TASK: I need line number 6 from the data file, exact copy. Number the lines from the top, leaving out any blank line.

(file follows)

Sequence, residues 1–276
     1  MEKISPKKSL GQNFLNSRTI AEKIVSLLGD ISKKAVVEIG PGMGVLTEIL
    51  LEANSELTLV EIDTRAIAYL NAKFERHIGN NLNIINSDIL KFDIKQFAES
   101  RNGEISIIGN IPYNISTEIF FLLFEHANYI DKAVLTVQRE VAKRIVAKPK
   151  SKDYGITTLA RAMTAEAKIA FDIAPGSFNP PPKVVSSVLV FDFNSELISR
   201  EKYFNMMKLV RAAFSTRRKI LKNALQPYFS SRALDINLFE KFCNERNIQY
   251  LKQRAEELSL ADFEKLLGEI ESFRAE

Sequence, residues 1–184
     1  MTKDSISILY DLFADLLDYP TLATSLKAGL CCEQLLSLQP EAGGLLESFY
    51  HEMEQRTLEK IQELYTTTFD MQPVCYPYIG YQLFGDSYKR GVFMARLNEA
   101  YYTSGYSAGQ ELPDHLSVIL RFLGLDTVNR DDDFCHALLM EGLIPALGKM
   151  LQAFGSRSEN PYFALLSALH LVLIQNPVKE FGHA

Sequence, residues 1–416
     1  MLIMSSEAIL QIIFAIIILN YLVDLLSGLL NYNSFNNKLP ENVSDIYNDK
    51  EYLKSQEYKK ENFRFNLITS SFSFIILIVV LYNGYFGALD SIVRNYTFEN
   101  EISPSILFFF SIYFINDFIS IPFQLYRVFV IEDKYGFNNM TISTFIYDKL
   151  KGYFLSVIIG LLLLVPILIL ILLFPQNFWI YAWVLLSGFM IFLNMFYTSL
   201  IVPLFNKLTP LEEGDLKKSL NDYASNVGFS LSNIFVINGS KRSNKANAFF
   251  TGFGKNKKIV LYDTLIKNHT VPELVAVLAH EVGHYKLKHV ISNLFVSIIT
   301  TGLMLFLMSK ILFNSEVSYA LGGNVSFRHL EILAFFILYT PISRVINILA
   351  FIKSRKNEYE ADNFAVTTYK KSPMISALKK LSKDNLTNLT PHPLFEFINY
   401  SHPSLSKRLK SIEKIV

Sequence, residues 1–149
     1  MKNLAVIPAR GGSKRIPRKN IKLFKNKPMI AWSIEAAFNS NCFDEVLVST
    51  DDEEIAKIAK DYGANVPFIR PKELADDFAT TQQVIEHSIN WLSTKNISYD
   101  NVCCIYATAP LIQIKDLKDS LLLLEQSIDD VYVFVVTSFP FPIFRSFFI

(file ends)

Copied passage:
   201  EKYFNMMKLV RAAFSTRRKI LKNALQPYFS SRALDINLFE KFCNERNIQY